Once upon a time, there was no chance ever of me thinking about teaching the kids Latin. My husband had learned Latin in High School and I had learned some Latin in my Medical Terminology class in College, but I just couldn't see myself teaching the kids Latin at such an early age. After all, it's considered one of those "Dead languages" that nobody speaks. However, when I looked over Laurelwood Books Latin curriculum for young children I thought it looked pretty interesting. For the last few weeks, I've been using the Olim, Once Upon a Time Reader II as well as the accompanying Olim, Once Upon a Time Workbook II with Ashleigh and suddenly teaching Latin isn't such a scary endeavor anymore.
This Latin curriculum is targeted for students in 2nd through 5th grade and requires no previous Latin education. A very simple curriculum, it consists of a series paperback books - currently there are 6 readers and their companion workbook available on the Laurelwood website. By using repetition and familiar stories and parables, students are gently introduced to Latin vocabulary using the readers and then focus on retention of the material with the workbooks.
The Reader II book contains three stories (The Lost Sheep, The Ant and the Chrysalis and the Good Samaritan) presented first in English and then again in Latin.
Similar illustrations are used on each page that help to trigger students to associate what is on the Latin page with what they have already seen in the English page. The Latin pages also contain a gray sidebar that contains vocabulary used on the page to help students to find the English translation.
The Workbook includes activities involving the vocabulary found in the reader and the activities correspond with the pages found in the reader. Students are directed to complete an exercise in the workbook at the bottom of pages in the reader. These activities include translations both from Latin to English and English to Latin as well as matching Latin words to their meanings.
How Did We Use It?
Because we only had one consumable workbook (I opted not to order a 2nd workbook for Garrett), I decided to use this curriculum with Ashleigh. Ash will be starting 3rd grade in a few weeks so she was in the lower targeted group for this curriculum. Because of this, we worked a bit slower through the curriculum than an older student might and we would work on 1-2 exercises per week. We found the easiest method for us was to work on reading through the Latin page and comparing it to the English on the first day, working through the workbook exercise on day 2, and then reviewing the rest of the week.
I also found it extremely helpful to made flashcards for each page. This was very easy to do as the reference key on each Latin page provided the vocabulary necessary. As we were introduced to more Latin words, I would include those flash cards into our stack.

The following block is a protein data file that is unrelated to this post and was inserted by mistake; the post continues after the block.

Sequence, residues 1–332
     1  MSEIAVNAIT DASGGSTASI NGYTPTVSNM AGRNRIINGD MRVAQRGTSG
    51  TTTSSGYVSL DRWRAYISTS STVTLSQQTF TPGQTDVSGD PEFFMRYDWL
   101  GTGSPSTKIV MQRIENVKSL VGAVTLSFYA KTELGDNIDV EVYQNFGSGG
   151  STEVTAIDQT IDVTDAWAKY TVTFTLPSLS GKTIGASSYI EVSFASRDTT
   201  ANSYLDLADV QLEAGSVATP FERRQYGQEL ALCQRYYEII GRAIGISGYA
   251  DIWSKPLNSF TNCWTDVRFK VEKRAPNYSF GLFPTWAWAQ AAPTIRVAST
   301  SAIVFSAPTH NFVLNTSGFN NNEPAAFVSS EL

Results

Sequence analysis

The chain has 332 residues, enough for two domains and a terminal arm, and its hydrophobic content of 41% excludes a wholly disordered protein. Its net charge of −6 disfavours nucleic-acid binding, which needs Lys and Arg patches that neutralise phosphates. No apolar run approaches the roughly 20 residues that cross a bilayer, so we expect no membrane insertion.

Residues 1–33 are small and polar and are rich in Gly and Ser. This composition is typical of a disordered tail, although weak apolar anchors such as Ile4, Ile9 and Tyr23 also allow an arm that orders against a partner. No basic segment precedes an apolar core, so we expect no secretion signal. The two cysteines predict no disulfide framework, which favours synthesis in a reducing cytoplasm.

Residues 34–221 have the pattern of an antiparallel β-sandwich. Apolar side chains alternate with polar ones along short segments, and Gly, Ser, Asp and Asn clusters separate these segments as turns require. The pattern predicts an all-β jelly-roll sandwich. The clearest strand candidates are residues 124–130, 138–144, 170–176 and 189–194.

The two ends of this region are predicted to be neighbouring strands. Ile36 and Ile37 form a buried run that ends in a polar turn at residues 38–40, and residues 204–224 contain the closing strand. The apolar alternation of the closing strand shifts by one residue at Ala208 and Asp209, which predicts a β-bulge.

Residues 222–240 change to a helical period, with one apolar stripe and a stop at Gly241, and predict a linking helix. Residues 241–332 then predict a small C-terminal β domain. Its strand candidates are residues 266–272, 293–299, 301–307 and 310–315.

I'd love to say that Ashleigh loves this curriculum. She was honestly pretty excited about learning Latin at the beginning but that enthusiasm has quickly waned. The exercises are pretty cut and dry and not really something that holds her attention, even though she does really like reading the stories themselves. Ashleigh expects everything to be bright and colorful and those are two things this curriculum are not but she will get over it. There are a few "Digging Deeper for Treasure" sections in the workbook that she really enjoys where additional vocabulary words are printed at the bottom of random pages which are then filled into a Fill in the Blank activity at the end of each stories section in the workbook.
However, just because Ashleigh isn't thrilled with this curriculum, Mom is more than happy with it. Ashleigh has learned so much in the course of our lessons. She is indeed retaining the information she's learning and she's impressed her dad by telling him what she's learning. I have had to resort to making Ashleigh do "Workbook day" in my bedroom with the door closed to separate her from any and all distractions and then she seems to do much better - one of the perks of homeschooling rather than a classroom setting.
Overall, I really like this curriculum and I plan to stay with it and work our way though the series of books. My only suggestions would be: 1.) Laurelwood Books might consider their own Flash cards to sell along with the books as I found them to be invaluable with Ashleigh and 2.) maybe include access to a webpage that would have audio clips of proper pronunciation of the Latin words covered. While a printed pronunciation guide is included in the front of the reader (which was helpful), I did find myself either wishing I knew a definite pronunciation and looking online in hopes of finding an audio clip to listen to. However, these are just slight annoyances and do not take away from this wonderful curriculum.
Members of the Crew were given the opportunity to review not only different copies of the Olim, Once Upon a Time Latin curriculum but also many of the other books Laurelwood Books publishes and sells. Be sure to click the banner below to check out what they thought.